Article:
Western Short Story
K-Bar-K’s top hand, Duke Emsley, on an easy ride about the ranch’s perimeter, saw the three riders cresting a peak ahead of him, and then believed they had seen him and dipped into rocky territory below the horizon and fully out of his sight.
He vowed he’d not be drawn into a close-up check, be at their mercy.
He did not think they were casual riders, but on some sort of errand, detail, or check on circumstances at the ranch in general. Several such intrusions had taken place, all at night: nothing stolen, no horses missing, the cattle undisturbed, sleep unbroken… except his, the chief watchdog among the crew, the lightest sleeper.
No other signs were evident, but something was afoot, of that he was sure; night riders always bothered him from his early days on the border of Mexico, on a wagon train halfway across the Great Plains, until his hire at K-Bar-K. Ken Kingwood had hired him and died only months later from a massive heart attack breaking in a new horse. His wife Beverly had been the boss for two years and leaned on him for direction in most things.
One day he had told her, “Something odd is afoot. We’re being checked out at night, nothing done to hurt us but seeing what kind of protection we have at the ranch, who if anybody is on night watch, what our night habits are.”
As always, since the day of hire, he had been knocked silly by her simple beauty, face and figure, each attribute remarkable upon sight.
When he finished his summation, his warning, he added, “When they come, renegades or whoever they are, it’ll be at night. Not in daylight.”
She asked, “No idea of who they are? Should we hire more people just to protect the place?” She was clearly at a loss in such details.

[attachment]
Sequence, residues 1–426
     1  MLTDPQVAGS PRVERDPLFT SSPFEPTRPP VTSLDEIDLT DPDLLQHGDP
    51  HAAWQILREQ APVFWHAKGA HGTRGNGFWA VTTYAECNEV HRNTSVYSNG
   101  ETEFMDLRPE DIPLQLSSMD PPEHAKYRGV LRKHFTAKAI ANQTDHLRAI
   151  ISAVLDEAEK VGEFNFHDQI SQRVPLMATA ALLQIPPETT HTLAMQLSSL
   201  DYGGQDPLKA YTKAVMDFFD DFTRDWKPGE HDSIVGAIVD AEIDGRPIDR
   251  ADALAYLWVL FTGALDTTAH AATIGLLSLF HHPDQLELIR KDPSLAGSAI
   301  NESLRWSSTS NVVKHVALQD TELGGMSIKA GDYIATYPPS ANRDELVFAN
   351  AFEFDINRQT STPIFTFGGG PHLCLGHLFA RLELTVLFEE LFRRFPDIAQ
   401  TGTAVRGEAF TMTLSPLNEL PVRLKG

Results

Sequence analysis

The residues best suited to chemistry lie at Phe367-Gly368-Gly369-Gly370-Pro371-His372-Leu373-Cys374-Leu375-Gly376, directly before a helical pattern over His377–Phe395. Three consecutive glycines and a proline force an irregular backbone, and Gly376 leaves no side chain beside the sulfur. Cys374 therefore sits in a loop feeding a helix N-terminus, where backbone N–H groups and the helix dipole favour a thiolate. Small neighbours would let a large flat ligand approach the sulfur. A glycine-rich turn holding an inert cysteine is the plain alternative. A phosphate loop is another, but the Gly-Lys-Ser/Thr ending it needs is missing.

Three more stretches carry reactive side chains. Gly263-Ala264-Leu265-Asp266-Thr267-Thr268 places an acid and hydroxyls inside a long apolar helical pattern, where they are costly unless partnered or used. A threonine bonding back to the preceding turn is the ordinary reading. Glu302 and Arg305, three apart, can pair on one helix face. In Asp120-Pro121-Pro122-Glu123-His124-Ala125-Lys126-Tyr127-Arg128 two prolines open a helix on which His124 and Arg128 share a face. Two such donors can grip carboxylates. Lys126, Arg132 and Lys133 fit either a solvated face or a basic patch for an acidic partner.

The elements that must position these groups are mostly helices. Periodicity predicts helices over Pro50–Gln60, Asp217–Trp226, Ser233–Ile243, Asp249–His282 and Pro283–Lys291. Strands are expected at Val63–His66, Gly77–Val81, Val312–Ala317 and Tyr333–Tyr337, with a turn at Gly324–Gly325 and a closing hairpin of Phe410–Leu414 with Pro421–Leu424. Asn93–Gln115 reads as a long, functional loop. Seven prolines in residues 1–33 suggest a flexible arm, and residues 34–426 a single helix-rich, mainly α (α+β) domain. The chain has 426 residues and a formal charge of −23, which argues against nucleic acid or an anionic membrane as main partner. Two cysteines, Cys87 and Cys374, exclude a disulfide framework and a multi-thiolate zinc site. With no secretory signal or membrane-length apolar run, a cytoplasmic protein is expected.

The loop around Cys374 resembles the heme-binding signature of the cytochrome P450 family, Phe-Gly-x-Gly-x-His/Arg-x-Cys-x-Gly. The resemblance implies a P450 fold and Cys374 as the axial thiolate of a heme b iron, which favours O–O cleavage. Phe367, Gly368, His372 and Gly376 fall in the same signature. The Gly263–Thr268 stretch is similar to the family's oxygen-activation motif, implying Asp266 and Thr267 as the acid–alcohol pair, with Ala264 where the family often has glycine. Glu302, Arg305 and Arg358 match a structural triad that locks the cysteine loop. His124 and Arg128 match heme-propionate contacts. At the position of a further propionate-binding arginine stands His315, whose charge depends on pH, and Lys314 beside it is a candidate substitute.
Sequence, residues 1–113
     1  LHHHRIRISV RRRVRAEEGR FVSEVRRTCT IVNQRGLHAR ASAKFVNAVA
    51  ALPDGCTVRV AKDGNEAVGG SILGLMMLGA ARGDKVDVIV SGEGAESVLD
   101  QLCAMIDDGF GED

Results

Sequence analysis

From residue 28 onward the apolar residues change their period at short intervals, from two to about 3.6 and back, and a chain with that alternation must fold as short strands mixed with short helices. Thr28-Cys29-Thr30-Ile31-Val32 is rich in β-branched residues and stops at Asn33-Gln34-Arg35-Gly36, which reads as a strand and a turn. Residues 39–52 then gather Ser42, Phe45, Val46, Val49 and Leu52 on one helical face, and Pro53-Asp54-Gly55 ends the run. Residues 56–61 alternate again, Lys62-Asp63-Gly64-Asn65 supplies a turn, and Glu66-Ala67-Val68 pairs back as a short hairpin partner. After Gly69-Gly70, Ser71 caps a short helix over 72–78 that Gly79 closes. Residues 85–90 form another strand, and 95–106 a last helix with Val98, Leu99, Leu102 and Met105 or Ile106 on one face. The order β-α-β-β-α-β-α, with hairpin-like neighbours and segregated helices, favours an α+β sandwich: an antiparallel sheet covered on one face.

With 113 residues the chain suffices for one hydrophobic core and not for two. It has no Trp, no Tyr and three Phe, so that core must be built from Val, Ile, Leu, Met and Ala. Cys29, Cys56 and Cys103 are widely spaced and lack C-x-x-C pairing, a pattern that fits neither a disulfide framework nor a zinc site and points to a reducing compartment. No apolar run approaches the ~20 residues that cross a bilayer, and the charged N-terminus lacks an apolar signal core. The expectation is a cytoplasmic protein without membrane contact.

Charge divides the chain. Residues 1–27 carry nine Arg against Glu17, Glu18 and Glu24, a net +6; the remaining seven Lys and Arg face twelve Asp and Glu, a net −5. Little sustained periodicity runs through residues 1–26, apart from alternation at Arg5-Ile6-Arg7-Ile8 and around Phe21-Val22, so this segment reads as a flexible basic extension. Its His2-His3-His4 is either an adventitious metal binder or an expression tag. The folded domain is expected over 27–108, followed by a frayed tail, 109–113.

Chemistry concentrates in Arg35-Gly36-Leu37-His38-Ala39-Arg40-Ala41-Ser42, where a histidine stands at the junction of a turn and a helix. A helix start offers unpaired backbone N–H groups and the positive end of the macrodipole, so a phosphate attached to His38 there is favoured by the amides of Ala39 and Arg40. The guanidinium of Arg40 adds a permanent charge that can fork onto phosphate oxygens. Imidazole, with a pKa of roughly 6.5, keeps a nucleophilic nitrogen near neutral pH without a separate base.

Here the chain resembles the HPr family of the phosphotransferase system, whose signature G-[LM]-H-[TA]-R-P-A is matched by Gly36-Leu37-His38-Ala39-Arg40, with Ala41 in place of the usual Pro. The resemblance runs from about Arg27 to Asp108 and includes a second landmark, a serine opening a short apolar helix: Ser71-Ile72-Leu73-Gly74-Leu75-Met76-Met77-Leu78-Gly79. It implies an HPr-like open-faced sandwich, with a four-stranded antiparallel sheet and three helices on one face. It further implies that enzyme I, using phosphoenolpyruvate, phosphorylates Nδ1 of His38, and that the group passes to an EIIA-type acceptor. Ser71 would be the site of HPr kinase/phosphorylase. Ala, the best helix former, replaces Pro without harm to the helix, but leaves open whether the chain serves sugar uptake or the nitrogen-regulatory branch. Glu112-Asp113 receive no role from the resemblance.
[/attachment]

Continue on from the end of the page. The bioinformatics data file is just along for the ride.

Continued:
“I don’t think they have a large gang, that’s why they want to do their whatever at night, knowing the place just as well as we do, or close to it.”
“What are they looking for?” The puzzle ran across her face.
“Well, they obviously know that Ken never put his money in the bank, didn’t trust it so far from his hands, so there might be a connection there.”
“Does that mean what I think it means?” she replied.
“If it was mine, I’d put it in the bank at Crafton and I’d do it today. How much are you talking about?” The serious look sat on his face as sure as an added signal.
“I only counted it once, but it’s close to $5000 and it’s all in bills. It’s in the small wall safe. I’m sure you know where it is.”
“Never once looked at it, Ma’am, never. And Ken had no reason to show me, the less I knew, the better off he was and I was too.”
The pause was intentional for advancing an idea, from down under to the top; “You ought to see the lawyer in town. He can help with business stuff.”
“Is that the one with a sign that says, in jasmine paint if you want to believe it, ‘Lawyer for lost parts, Colors, an unknown face?’ I’ve always wondered about that, it’s sort of …” and she paused before she said, “mysterious, or maybe poetic.”
She had spoken in different terms, as though she was treading in strange territory, her tone moving into new territory.
He responded; “Ken and I spoke about that one time, both of us knowing the lawyer from prior contacts of older days, Ken from somewhere in the business world and me from the long past. Man’s name is Longheart, Thurman Longheart, once a soldier, once a student, now a lawyer. No finer man in all of Texas.” Sureness surged in his voice.
“He sounds interesting,” she said, with no expression on her face, as if not wanting to show any solid interest. “Does he advise on money matters too, how to invest it, where best to do so, not that we have a great deal of opportunities out this way.”
“Well,” he replied, “enough to make it worth your while and his too. He’s got some of my money well took care of.”
“You keep me curious, Ken. You’re more than just a good man to look at.” It was a point she was willing to point out, to expose part of her thinking, reach solid ground with a hired hand, a talented and proficient hired man. One never knows what’s coming down the line at you, for you or against you. She’d be prepared. Besides, loneliness was already sitting at her table, stinging the morning awake, disturbing the night table as evening advanced its colors, its potentials.